I take issue with this answer! This is the way I did it. 1. Given Rmin and Rmax you can sum them and divide in two to determine the semi-major axis, a. Thus choice E is eliminated 2. Given Rmin and the semi-major axis you just found, you can compute the eccentricity: Rmin=a(1-e) where a is the semi-major axis and e is the eccentricity 3. Given Vperi and Rmin you can calculate the mass of the planet: Vperi = sqrt{(GM(1+e))/Rmin} Thus choice B is eliminated 4. Similarly, since Rmax was also measured, you can now find the minimum velocity, which will occur at apastron: Vap= sqrt{(GM(1-e))/Rmax Thus choice C is eliminated Now we are left with the mass of the moon or the period of the orbit. Kepler's law is *actually* P^2= (4pi^2)a^3/(G(M+m)) Note the denominator contains the *sum* of the masses! So we truly have one equation left with two unknowns. You *cannot* calculate the *exact* period from here. You can only make an approximation where you neglect the mass of the moon, but that seems like a self-fulfilling prophecy or circular reasoning to me. Saying "a very small moon" is very subjective. What if the planet, too, is very small? They don't state the ratio of the planet to the moon, or mention that it is negligible in size compared to the planet. So how can we really use Kepler's law in approximate form in this case?
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GR8677 #82
2008-09-25 03:46:39
I don't understand. Why should we consider only reflections at the top and the bottom of the air gap? Why not the reflections at the top of the upper glass plat and the second glass plate?
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GR8677 #94
2008-09-21 17:12:38
Wait, how are we in the clear??????? If gamma really is 5/4 then beta should be 3/5. Beta is clearly 3/4 = 0.75 So how is it a valid transformation?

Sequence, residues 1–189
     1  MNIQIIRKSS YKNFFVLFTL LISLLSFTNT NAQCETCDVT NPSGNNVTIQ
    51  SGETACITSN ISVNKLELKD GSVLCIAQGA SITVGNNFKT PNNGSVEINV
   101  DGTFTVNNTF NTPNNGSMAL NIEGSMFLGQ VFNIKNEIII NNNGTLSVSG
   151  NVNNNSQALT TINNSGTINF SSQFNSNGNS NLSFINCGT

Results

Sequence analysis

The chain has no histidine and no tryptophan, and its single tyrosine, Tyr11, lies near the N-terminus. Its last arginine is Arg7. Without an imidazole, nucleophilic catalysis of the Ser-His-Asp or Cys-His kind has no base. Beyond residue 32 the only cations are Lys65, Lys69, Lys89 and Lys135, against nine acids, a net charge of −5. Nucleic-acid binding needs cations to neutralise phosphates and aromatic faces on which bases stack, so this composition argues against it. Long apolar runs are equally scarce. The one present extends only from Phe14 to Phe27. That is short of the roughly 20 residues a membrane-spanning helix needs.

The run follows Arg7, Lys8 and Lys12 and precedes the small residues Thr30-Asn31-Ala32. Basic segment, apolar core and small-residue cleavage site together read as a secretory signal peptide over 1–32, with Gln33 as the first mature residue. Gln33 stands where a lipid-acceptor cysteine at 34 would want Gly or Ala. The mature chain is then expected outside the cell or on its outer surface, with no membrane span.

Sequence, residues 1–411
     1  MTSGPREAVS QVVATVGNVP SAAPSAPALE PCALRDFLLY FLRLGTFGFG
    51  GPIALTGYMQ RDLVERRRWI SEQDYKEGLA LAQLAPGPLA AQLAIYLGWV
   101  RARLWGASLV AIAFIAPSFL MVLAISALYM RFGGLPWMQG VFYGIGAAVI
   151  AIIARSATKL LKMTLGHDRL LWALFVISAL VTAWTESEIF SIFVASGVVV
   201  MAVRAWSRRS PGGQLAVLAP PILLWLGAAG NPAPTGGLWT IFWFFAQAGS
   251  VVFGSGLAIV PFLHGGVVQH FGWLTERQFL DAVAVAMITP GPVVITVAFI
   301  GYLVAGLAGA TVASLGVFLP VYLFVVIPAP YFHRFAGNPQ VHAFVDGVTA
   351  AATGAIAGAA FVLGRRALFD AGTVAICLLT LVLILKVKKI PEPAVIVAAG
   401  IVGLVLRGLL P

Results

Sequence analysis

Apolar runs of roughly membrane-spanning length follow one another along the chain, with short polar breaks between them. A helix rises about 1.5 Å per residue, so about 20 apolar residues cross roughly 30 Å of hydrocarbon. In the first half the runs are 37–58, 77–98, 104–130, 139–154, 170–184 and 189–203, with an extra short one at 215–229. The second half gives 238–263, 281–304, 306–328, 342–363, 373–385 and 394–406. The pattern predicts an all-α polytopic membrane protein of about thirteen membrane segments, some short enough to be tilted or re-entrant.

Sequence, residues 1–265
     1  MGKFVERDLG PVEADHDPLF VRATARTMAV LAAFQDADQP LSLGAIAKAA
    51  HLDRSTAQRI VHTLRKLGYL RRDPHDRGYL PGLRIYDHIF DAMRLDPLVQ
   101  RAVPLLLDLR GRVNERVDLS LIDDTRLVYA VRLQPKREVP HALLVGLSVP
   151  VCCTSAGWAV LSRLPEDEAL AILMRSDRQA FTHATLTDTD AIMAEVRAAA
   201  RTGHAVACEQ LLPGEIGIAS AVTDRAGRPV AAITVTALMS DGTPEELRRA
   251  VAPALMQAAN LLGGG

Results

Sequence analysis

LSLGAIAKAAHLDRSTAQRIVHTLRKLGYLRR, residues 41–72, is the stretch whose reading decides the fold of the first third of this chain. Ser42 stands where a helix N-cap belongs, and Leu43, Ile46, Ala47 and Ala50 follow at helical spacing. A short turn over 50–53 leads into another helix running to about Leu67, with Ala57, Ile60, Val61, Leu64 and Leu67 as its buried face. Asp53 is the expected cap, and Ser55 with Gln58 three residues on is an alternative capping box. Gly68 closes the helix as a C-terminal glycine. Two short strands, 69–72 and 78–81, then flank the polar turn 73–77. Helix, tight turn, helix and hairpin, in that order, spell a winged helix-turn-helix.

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GR8677 #4
2008-08-18 01:43:44
I believe that choice E has the same dimensions as A&B.
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GR8677 #4
2008-08-18 00:58:43
I believe that choice E has the same dimensions as A&B.
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GR8677 #76
2008-08-01 13:01:11
Sorry, this should have been categorized under HELP :D
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GR8677 #78
2007-10-21 21:28:08
I'm not really seeing why the tangential velocity of the two masses together is equal to the sum of their original linear velocities. Why can they be added this way?
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GR8677 #16
2006-11-30 21:43:30
if you claim that \overline{x}=2 is the average and \sigma=\sqrt{\overline{x}} is the standard deviation, then how do you go from there to get that \sigma/\overline{x}=\sqrt{2C}/2C is the answer? I'm confused as to how the C's get in there
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GR8677 #7
2006-11-01 10:44:16
Can you explain in greater detail? I can solve it, but I run into some messy algebra with quadratic equations. Can you explain how you so elegantly obtained these values?
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GR8677 #41
2006-10-29 21:40:11
Can anyone direct me to a good explanation of the full spetroscopic notation and how it relates to the selection rules?
More specifically, what part of this notation denotes m, the magnetic quantum number?
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GR8677 #34
2006-10-27 15:15:32
hey
i cant get enough practice problems for quant. i have got schaum seeries but it has only derivations any one has any material plz i want it
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GR8677 #100
2006-10-27 14:07:24
hey watz up to begin iam a BE undergrad shifting to engineering physics.
any ways i just wanna know from where do i study error analysis. if any one has the notes on the comp plz mail them to me.
also if any one has practice problems (except for the four papers and two small other ones) specially for phy gre plz i want the soft copy.
bye, best of luck to everyone
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GR8677 #64
2006-10-19 13:49:09
What's this about a capacitor and an inductor? Problem 64 from 86 exams says "An alternating current electrical generator has a fixed internal impedance..." ?
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GR8677 #47
2005-11-10 21:33:24
Why is C the more correct answer than A? Your last comment in the introduction makes this seem confusing.